I love books on homesteading. It's a bit of an obsession. My two most recent reads provided a stark contrast. One was absolutely stellar--the best homesteading book I've read thus far. The other was a bit of ridiculous lunacy, peppered with so many blatant falsehoods and creepy hypocrisy that it made me wonder about the author's mental health status. I'll start with the skin-crawling douchebaggery and end in singing praises. Better to end on a high note, yes?
Arctic Homestead is technically written by Norma Cobb (the homesteader) and Charles Sasser (co-writer). From what I can gather, Cobb didn't actually write the book (although she claims to have done so on her blog). Sasser used her journals and interviews with Cobb to write the novel. Cobb has a blog where she does some complaining about things she would have done differently had her publishers allowed her. However, she doesn't ever say "This book makes me out to be a cripplingly insecure, paranoid, mind-bogglingly hypocritical, misogynist moron who has a distinctly difficult time telling the truth." Because, well, it does. Were I Norma Cobb, there is no way in hell I would have allowed my name to be attached to this book, which leads me to believe that she either a) desperately needed the money or b) is really as awful as she is portrayed in the book. Unfortunately, after a bit of poking around on the 'net, I suspect it is the latter.
If you're looking for a "how-to" on homesteading, Arctic Homestead ain't it. It's written as more of an adventure tale, highlighting how the Cobb clan came to Alaska and managed to build a homestead near the Arctic circle. Norma Cobb is technically the last woman to have staked a claim via the Homestead Act, although her claim was backdated due to her husband's poor choice of land initially, so we never know who the real "last woman pioneer" might genuinely be.
Her husband's poor choices are a theme throughout the book, although Cobb and Sasser do quite an interesting mix of passive-aggressive insulting and hero worshiping of Lester Cobb, Norma's husband. The authors never state the obvious--Lester was a child (21 years-old) when he came to the bush and his decisions reflect that of a grossly immature, ill-informed adult infant with an extra helping of bravado. It's amazing the dude didn't kill his family or himself. (What the book doesn't mention: They eventually divorced, Lester is now deceased and Norma lives in AZ.)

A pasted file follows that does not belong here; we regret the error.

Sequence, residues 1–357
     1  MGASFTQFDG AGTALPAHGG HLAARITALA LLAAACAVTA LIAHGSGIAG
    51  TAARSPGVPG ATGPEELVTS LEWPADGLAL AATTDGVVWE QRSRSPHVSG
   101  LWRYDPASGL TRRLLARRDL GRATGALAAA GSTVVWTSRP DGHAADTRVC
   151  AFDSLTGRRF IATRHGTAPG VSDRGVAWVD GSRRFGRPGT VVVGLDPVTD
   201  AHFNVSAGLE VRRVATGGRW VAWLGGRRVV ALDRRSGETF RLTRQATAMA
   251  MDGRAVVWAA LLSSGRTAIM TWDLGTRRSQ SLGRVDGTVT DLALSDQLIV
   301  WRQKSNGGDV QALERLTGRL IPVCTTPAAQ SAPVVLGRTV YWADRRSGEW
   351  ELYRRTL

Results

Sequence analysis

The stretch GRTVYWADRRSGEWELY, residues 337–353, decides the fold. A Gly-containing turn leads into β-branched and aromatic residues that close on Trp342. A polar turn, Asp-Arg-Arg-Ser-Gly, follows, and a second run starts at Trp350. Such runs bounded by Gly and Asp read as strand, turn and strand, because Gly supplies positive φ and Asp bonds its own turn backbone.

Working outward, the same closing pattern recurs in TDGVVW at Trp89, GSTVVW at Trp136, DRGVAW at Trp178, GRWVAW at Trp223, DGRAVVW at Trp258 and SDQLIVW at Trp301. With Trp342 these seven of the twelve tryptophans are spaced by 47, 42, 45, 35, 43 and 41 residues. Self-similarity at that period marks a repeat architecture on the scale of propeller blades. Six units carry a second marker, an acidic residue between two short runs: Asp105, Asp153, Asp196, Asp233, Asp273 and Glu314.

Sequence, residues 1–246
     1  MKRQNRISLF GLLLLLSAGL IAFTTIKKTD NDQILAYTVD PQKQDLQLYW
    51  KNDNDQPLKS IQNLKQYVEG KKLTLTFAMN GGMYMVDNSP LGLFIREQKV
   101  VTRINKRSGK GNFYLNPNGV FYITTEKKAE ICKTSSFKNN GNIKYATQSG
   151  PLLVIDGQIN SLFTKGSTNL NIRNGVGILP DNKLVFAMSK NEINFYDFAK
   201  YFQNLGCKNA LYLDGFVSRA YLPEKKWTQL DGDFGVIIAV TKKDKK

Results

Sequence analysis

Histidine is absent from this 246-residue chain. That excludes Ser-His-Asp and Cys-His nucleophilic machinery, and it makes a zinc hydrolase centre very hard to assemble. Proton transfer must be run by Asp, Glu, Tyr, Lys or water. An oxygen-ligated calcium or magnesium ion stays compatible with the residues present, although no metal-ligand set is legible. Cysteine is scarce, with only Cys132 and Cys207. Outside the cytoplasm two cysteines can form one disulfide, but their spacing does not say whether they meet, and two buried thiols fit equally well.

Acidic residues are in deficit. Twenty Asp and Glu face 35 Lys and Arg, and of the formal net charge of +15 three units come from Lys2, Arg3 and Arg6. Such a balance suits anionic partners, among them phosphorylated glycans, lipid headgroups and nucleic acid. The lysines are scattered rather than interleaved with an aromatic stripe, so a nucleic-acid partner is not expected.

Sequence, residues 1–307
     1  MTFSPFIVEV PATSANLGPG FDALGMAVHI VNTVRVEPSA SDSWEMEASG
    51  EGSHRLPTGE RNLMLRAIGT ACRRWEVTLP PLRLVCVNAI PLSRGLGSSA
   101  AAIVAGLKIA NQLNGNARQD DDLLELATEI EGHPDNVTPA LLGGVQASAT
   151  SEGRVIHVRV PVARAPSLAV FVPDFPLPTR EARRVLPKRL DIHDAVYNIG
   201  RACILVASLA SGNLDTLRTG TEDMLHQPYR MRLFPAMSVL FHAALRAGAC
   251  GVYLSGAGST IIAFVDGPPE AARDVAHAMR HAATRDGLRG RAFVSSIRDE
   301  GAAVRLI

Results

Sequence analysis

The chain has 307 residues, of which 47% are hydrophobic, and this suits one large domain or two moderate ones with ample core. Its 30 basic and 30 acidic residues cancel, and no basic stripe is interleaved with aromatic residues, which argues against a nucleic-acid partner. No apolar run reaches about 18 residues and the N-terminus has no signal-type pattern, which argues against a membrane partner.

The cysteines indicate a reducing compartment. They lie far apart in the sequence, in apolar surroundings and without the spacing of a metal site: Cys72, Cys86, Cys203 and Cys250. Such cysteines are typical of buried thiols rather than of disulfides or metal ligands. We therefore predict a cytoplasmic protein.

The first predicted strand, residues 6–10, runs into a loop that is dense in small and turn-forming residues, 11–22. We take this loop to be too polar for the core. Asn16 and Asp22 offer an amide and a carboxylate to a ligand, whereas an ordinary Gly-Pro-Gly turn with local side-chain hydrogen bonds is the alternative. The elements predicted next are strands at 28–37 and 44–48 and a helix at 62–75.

The adventure tale goes a bit like this: Lots of near-death misses with guns and snow and bears, heaps of struggle (Cobb rails against "sissies" in the lower 48 taking handouts and being victims, fully ignoring the hypocrisy of her constant sense of victimization by others. Apparently, Alaska is filled with brutish douchebags who will take advantage of you at every turn), mostly due to poor planning and bad choices. Of course, she never attributes it to their idiocy. It's always someone else's fault or the harshness of the conditions. There's quite a bit of environmental harm thrown in, but Cobb doesn't actually acknowledge the harm they cause, though she rails against others who commit the exact same acts. Seriously, people. The irony is overwhelming.
There are several tales of bears nearly killing folks, always shot down so close that their claws hit her husband's boots as the creature falls. Once, sure. But over and over again. Really? It reads like it was written in hopes that someone would option it for a film.
Cobb is alarmingly insecure. She (or Sasser) refers to most other women she encounters as unattractive and is disparaging of anyone who has more education than her high school educated self. Her digs at other women are...well, creepy and absolutely unnecessary. Her parenting is a little disturbing as well, despite the fact that she sings her own praises. She passive-aggressively insults her husband's children frequently (the Cobbs were a blended family. Her husband with two daughters and she with three sons). She finds no qualm with complaining about mothers who work away from home yet ignores the fact that when she was away from the family working, her husband couldn't "baby-sit" (um, it's called parenting) and left the children with friends. Just one of many instances of hypocrisy-r-us.